Zakir Naik



Zakir Naik


Dr. Zakir Naik is a well-known media personality, founder of the Islamic Research Foundation (IRF) in Mumbai, India in 1991. (The IRF’s web site has been suspended.  See older versions in the Internet Archive.)  He went on to establish Peace TV, a Dubai-based satellite channel on which he is a prominent speaker, in 2006.  The channel began program distribution in English, and has expanded into Urdu and Bangla as well, seeking to serve both Muslims and non-Muslims in South Asia, the South Asian diaspora, and beyond.

Naik, who trained as a medical doctor in India, studied under famed self-taught preacher, Ahmed Deedat (1918-2005).  Deedat, who was himself born in South Asia, was known for specifically addressing issues that Christian preachers, often from the US, brought up while proselytizing in Deedat’s adopted country of South Africa.  Deedat learned Christian scripture in order to be able to refute and debate with missionaries.  Naik, who styles himself a student of comparative religion, used his medical training to frame narratives about the use of science proving the miraculous nature of the Qurʾān, a genre called iʿjāz ʿilmi or simply iʿjāz (Guessoum 2008; ElShakry 2008; Yazicioglu 2013; Bigliardi 2014).  Although this genre has more than a hundred years of history, it became far better known in the 1980s with the work of Maurice Bucaille (1920-1998), a French surgeon (and Christian) who set out to compare the Bible and the Qurʾān on their depictions of science, and decided that the Qurʾān fit better with the scientific facts that he marshaled (Bigliardi 2012).  Naik has been recognized in Saudi Arabia (Hubbard, 2015), the United Arab Emirates, and Malaysia, winning awards.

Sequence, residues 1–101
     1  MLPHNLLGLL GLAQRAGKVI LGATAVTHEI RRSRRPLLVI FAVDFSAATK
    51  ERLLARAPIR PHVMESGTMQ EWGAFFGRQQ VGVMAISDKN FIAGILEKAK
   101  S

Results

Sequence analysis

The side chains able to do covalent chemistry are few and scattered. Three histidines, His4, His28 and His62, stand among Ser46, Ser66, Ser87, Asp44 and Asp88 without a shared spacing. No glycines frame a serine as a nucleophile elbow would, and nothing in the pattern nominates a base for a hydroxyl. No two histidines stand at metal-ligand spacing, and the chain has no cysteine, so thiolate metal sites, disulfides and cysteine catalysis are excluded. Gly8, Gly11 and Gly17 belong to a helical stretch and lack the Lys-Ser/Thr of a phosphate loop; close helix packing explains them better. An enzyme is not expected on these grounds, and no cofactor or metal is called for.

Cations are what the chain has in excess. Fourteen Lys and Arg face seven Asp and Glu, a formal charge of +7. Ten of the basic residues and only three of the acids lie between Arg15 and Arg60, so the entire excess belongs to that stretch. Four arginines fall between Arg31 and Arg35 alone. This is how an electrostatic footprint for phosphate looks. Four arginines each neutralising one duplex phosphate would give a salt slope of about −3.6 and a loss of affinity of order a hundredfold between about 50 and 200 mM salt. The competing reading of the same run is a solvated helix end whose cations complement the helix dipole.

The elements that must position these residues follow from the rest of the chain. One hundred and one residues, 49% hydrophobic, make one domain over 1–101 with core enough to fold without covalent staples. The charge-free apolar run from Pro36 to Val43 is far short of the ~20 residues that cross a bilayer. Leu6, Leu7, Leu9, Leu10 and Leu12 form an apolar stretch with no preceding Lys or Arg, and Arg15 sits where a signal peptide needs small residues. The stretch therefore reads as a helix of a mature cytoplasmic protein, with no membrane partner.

Naik, learning to preach at the height of both Deedat’s and Bucaille’s fame, used these science narratives as a centerpiece of his preaching.  Starting in 1994, we have recordings of Naik’s talks, including one of his most famous, “The Qur’an and Modern Science:  Contradiction or Conciliation?  Naik’s presentations were famous for being memorized, delivered, unlike Deedat, without any notes, often for longer than an hour.  The presentations linked specific scientific “facts”, like the Big Bang, with Qurʾānic verses.  Naik would provide translations and explanations, which critics often note are full of errors of translation and fact.  For instance, one part of the talk includes a substantial list of verses that are supposed to be evidence of the Qurʾān’s discussion of the water cycle (evaporation, rain, etc), yet those who have checked the cited references find that some of them do not mention water at all (The Masked Arab, 2014).

Another hallmark of Naik’s talks are question and answer sessions which follow them, in which audience members queue at several microphones and ask questions of Naik.  Depending on the topic of the talk, the questions vary, but scientific topics often come up and are addressed by Naik, including questions that have been controversial in the Muslim world, such as biological evolution and organ transplantation.  Naik also produces scientific “facts” to support ritual practices such as growing a beard or performing the daily prayers.  These Q&A sessions sometimes last as long as the talk itself.  In recent years, Naik has focused more on trying to convert non-Muslims, who are encouraged to ask their questions first.  In this sense Naik’s material seems to be moving more toward Christian understandings of missionary activity than Muslim constructions of da’wa (the call to Islam), which often are focused on bringing straying Muslims into correct practices as much as on converting outsiders.